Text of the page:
Advanced Nanostructured Electrode and Materials Design for Zinc Air Batteries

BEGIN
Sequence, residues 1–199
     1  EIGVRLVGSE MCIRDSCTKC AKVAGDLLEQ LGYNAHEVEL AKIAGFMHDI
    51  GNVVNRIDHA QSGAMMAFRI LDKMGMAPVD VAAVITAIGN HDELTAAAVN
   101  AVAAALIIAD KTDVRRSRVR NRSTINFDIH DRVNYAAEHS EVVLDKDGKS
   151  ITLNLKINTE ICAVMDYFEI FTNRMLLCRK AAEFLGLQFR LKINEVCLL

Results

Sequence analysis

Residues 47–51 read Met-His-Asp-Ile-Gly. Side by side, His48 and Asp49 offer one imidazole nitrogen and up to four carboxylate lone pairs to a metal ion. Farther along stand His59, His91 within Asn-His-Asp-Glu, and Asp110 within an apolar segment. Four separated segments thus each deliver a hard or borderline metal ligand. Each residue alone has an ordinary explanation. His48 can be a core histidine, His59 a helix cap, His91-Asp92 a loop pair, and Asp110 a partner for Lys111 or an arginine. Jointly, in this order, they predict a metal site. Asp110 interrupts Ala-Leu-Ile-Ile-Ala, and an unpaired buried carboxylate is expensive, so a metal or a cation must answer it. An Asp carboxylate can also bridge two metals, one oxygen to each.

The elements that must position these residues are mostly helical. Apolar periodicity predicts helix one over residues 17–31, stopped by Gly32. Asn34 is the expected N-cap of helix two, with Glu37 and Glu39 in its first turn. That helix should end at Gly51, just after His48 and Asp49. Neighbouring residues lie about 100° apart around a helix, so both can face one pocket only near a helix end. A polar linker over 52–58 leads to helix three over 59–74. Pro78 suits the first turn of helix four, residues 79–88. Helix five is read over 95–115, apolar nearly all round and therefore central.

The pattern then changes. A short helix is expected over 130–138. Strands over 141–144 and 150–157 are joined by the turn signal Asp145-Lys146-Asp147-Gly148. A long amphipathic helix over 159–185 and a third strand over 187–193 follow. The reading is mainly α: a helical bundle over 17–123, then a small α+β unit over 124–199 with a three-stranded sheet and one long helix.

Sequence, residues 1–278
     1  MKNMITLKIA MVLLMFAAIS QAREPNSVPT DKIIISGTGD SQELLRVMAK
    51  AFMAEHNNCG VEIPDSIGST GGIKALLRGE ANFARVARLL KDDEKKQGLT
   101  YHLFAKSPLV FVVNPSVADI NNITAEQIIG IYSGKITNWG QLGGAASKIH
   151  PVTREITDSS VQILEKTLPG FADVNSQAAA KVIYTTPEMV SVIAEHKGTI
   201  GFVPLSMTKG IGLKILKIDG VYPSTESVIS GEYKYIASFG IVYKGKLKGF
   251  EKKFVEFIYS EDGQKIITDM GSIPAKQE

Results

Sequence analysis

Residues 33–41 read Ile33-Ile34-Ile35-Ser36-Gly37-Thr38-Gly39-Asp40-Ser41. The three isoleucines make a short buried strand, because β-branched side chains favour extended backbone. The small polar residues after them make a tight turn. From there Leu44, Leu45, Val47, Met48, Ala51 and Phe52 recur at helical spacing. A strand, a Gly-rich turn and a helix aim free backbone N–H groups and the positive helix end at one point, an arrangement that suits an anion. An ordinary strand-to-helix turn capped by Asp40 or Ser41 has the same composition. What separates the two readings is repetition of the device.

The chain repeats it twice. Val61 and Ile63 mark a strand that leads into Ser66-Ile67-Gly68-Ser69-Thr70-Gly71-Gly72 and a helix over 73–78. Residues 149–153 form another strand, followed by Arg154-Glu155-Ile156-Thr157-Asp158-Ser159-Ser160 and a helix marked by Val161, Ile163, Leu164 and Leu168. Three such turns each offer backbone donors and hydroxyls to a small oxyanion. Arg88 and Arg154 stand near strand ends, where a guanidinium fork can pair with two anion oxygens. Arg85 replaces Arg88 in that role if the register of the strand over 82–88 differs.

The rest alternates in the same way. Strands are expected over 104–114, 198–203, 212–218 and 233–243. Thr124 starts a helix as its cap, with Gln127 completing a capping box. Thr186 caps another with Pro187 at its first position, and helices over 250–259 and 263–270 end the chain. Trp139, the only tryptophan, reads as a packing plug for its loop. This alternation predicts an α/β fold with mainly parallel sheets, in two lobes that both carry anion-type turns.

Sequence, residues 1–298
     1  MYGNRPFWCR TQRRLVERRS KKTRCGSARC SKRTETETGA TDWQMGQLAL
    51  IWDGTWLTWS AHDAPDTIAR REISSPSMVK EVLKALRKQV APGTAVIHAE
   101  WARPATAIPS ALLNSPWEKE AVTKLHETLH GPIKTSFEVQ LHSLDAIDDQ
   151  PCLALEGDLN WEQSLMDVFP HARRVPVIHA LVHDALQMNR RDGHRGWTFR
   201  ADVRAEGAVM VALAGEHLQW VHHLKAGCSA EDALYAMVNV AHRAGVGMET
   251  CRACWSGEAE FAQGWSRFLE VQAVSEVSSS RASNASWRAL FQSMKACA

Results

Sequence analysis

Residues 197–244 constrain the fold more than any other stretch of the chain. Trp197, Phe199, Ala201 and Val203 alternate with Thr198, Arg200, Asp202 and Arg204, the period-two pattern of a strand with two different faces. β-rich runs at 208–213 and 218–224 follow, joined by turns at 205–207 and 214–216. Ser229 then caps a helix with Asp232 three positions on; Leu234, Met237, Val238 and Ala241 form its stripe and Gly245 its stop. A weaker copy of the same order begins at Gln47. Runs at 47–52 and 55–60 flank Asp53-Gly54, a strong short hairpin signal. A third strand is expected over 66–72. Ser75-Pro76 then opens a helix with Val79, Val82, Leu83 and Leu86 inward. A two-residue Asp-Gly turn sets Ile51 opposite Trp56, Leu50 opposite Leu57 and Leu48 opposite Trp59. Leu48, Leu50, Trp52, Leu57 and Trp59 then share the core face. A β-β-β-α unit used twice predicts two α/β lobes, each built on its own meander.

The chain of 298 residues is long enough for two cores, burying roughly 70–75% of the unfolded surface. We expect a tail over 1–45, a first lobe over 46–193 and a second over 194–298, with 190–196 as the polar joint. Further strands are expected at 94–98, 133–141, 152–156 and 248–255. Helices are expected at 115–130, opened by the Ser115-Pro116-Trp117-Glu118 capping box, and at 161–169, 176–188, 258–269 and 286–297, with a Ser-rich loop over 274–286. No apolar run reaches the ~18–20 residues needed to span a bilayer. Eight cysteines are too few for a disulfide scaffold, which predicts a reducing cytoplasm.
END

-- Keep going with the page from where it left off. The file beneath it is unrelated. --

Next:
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Zinc air batteries have great promise as a new age energy storage device due to their environmental benignity, high energy density in terms of both mass and volume, and low cost Zinc air batteries get their high energy density by using oxygen from the air as the active material. This means that all the mass and volume that are normally required for active material in a battery are replaced by a thin gas diffusion electrode which allows for oxygen from the air to diffuse into the cell. Although this seems ideal, there are many technical challenges associated with the cell being open to the atmosphere. Some of these issues include electrolyte and electrode drying out, poor reaction kinetics involving sluggish reaction, the need for bifunctional catalysts to charge and discharge, and durability of the gas diffusion electrode itself. The bifuntional catalysts used in these systems are often platinum or other precious metals since these are commonly known to have the highest performance, however the inherent cost of these materials limits the feasibility of zinc air systems. Thus, there is a need to limit or remove the necessity for platinum carbon catalysts. There are many types of non precious metal catalysts which can be used in place of platinum, however their performance is often not as high, and the durability of these catalysts is also weak. Similar limitations on feasibility are invoked by the poor durability of the gas diffusion electrodes. Carbon corrosion occurs at the harsh caustic conditions present at the gas diffusion electrodes, and this corrosion causes catalyst dissolution. Moreover, many issues with zinc electrode fabrication limit durability and usable anode surface area within these systems. There is a need for a stable, porous, high surface area anode with good structural integrity. These issues are addressed in this work by three studies which each focuses on solving some of the issues pertaining to a crucial component of zinc air batteries, those being the gas diffusion electrode, the zinc electrode, and the bifunctional catalyst necessary for oxygen reduction reactions (ORR) and oxygen evolution reactions (OER). The first study addresses the need for improvements to the zinc anode electrode. A new process is proposed for the production of porous zinc electrodes in which the porosity can be easily controlled. This process involves the mixing of atomized zinc powder with a filler compound such as ammonium chloride. The mixture is then pressed into a pellet and heat treated to a temperature which simultaneously sublimes/decomposes the filler compound, and anneals the zinc structure to improve structural integrity. The resultant porous anode showed significantly charge and discharge potentials over the solid plate anode, while allowing for increased control of porosity over other porous electrodes due to the ability to adjust pore size based on the filler compound particle size. The discharge potentials observed from these porous anodes were 20% greater than zinc plate anodes at 100mA, but up to 200% greater at elevated currents of 200mA. Similarly the charging potentials were 53.8% lower at 100mA, and 55.5% lower at 200mA., suggesting greatly improved performance by the porous anode. The second study addresses the need for more durable gas diffusion electrodes. In this study, the bifunctional catalyst was bound directly to a stainless steel current collector via polymer binding in an attempt to remove the possibility of carbon corrosion and catalyst dissolution. The new gas diffusion electrode was successful in eliminating carbon corrosion, wherein, the durability of cells which incorporate this type of electrode was significantly increased. The durability of cell was increased to a point where little to no degradation occurred over 1000 cycles of full cell testing, showing great promise for future use and commercial viability. The final study addresses the need for durable and high performance non precious metal catalysts. The effects of catalyst morphology were studied wherein various morphologies of spinel type cobalt oxide were synthesized and compared. Cobalt oxide nanosheets were successfully synthesized and compared to nanoparticles of comparable size. The cobalt oxide nanosheets showed better charge and discharge potentials as well as durability of the nanoparticles. Impedance analyses showed reduced charge transfer and cell component resistances associated with the nanosheet morphology. Cobalt oxide nanosheets were further compared against platinum carbon. Cobalt oxide nanosheets showed significantly better durability as well as lower charging potentials and higher discharge potentials over 75 cycles. After 75 cycles the platinum carbon had lost 55.7% of its discharge potential wherein cobalt oxide nanosheets lost none of its discharge potential. Three issues pertaining to three major cell components a zinc air were addressed with promising solutions proposed for each. This work provides a basis for advanced zinc electrode fabrication in which further improvements can be incorporated to address other issues pertaining to zinc electrode use. This work set up a basis for electrode design which focuses on non carbon supported catalysts, eliminating the issue of carbon corrosion and associated catalyst dissolution. Finally, the results from the morphology study elucidate the benefits of controlled morphology for bifunctional catalysts, showing how morphology can be adjusted to improve performance by improving cell and charge transfer resistances.